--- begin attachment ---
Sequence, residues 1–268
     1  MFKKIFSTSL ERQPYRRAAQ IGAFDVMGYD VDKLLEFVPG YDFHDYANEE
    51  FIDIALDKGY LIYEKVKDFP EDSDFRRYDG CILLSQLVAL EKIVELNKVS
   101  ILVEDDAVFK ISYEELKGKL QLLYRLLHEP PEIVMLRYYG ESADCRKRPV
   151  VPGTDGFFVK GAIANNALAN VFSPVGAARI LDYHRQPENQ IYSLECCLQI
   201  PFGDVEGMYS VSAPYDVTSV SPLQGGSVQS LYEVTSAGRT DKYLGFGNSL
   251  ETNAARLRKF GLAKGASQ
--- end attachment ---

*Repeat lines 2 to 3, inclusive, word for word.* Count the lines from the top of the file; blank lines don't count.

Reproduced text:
     1  MFKKIFSTSL ERQPYRRAAQ IGAFDVMGYD VDKLLEFVPG YDFHDYANEE
    51  FIDIALDKGY LIYEKVKDFP EDSDFRRYDG CILLSQLVAL EKIVELNKVS